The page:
Thursday, July 13, 2006

Shane Ragland -- Can somebody actually make him stick to the conditions of his release?

Shane Ragland has a habit of violating whatever restrictions are in place for him, be it the laws of the commonwealth, conditions of sentencing, or conditions of his bond. His family likes to pretend that he's a fine guy caught up in a case where he's been framed by the Lexington Police. But his criminal history would suggest that, at the very least, he has the sense he is untouchable and that the laws you and I abide by every day are not important.

While I certainly hope this trial goes without incident and he is convicted again fair and square, my biggest hope is that the law is on him like white on rice every step of the way and that the slightest violation puts him back in jail.

Shane Ragland out of jail

By Jeffrey McMurray
Associated Press

LEXINGTON, Ky. — Shane Ragland, facing a second trial on charges that he murdered a University of Kentucky football player, was released from jail yesterday after his father posted $1 million bail.

Ragland left the Fayette County Detention Center about 3:30 p.m. EDT, said Lt. Darin Kelly, a jail spokesman. Ragland told reporters outside that complete vindication was his goal.

"This is the best for the case so that I can actually communicate with my attorneys and do what's right," Ragland said. "That's all I can ask for. I just want a fair trial."

Under conditions of his release, set by Judge Thomas Clark, Ragland was fitted for electronic monitoring and must stay within 100 feet of his father's Frankfort home, where he has decided to live during his trial. He also must pay for drug tests and is subject to global positioning tracking.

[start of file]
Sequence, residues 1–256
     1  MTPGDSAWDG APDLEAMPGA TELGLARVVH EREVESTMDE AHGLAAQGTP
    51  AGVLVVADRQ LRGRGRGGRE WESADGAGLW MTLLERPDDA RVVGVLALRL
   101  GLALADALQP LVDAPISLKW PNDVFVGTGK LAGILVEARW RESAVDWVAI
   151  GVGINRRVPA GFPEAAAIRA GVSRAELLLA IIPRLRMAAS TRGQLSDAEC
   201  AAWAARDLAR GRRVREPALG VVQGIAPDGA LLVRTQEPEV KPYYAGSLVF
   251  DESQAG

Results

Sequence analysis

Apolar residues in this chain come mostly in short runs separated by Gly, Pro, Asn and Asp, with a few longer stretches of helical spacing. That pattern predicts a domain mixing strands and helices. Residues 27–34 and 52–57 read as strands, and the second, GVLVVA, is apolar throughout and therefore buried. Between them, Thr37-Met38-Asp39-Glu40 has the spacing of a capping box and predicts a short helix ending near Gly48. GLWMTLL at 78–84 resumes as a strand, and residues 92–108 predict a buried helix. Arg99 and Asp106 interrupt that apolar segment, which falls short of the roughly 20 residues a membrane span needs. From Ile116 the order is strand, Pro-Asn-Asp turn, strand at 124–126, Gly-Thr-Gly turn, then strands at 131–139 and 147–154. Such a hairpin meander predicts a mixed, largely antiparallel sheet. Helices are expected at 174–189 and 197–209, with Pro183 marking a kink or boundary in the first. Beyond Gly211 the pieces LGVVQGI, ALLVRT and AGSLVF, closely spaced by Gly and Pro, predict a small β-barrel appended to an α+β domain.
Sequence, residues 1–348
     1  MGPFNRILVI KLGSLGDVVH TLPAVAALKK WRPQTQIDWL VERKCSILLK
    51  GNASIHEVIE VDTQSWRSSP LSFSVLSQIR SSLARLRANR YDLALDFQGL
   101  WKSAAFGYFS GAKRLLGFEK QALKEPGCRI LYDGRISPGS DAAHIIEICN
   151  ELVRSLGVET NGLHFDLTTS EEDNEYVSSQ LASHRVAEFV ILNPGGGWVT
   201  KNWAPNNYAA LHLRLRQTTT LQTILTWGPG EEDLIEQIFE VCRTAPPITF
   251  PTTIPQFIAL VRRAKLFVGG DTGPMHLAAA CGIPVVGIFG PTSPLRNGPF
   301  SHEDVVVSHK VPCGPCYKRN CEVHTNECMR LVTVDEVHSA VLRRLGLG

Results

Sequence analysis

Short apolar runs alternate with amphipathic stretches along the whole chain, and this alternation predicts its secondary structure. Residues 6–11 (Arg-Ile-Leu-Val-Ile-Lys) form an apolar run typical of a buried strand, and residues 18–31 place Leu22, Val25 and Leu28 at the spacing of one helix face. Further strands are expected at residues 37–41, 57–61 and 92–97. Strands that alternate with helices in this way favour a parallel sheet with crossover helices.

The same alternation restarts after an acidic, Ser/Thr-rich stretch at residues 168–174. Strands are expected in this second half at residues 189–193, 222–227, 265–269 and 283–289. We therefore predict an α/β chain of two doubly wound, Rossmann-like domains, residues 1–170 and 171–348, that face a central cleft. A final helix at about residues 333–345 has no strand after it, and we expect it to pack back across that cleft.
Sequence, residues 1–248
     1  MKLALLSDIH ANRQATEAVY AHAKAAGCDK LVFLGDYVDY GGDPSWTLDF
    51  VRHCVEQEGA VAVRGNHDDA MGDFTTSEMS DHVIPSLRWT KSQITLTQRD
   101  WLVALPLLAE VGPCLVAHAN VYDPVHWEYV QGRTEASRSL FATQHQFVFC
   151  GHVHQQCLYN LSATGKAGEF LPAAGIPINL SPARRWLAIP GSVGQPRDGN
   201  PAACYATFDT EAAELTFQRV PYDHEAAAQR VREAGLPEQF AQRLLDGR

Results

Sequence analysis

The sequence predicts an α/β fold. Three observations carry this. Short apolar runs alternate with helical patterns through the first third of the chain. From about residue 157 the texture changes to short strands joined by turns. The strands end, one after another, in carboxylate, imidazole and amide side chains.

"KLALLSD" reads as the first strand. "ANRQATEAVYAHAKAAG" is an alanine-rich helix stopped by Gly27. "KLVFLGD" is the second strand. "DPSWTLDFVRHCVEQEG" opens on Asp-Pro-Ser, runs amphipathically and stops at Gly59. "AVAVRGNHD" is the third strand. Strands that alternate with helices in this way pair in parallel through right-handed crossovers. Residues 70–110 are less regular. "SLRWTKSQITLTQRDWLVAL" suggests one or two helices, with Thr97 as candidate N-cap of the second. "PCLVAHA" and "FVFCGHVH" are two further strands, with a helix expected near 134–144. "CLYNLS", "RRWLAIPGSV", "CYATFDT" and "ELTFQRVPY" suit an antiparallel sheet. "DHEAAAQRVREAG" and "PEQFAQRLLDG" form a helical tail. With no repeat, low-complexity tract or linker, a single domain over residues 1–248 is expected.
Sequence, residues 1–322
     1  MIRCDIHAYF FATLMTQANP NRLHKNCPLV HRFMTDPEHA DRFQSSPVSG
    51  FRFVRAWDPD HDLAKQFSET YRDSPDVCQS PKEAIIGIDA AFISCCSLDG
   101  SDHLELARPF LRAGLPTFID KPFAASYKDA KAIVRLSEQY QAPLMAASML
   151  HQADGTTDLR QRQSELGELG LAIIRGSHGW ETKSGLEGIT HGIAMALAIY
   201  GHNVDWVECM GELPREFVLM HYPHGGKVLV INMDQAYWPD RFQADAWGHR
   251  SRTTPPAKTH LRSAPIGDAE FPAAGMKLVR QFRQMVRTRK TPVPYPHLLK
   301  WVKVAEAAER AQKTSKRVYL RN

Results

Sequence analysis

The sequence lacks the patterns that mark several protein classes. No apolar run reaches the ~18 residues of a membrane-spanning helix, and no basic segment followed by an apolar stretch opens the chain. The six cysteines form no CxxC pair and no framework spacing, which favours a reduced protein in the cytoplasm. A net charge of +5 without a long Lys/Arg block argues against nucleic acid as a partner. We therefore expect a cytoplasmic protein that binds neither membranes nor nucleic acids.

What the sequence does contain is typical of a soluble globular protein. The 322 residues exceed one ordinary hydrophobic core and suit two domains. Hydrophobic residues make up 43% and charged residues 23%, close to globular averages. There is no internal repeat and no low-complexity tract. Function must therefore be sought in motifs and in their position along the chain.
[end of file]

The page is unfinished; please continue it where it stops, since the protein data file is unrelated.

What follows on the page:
Ragland's father, Jerry, said yesterday he is confident his son will be exonerated.

"It's going to be a lot different result this time," Jerry Ragland told WKYT-TV in Lexington.

Ragland was convicted in 2002 and sentenced to 30 years in prison for the shooting death of Trent DiGiuro while DiGiuro was celebrating his 21st birthday in 1994. The state Supreme Court ordered a new trial in March based on inadmissible evidence concerning a bullet.

Ragland's arrest came years after DiGiuro's death when a former Ragland girlfriend contacted police. She told investigators Ragland told her some years earlier that he had shot DiGiuro as revenge for DiGiuro's keeping Ragland out of a fraternity. Police arranged for the woman to meet with Ragland again and get him to talk about the case.

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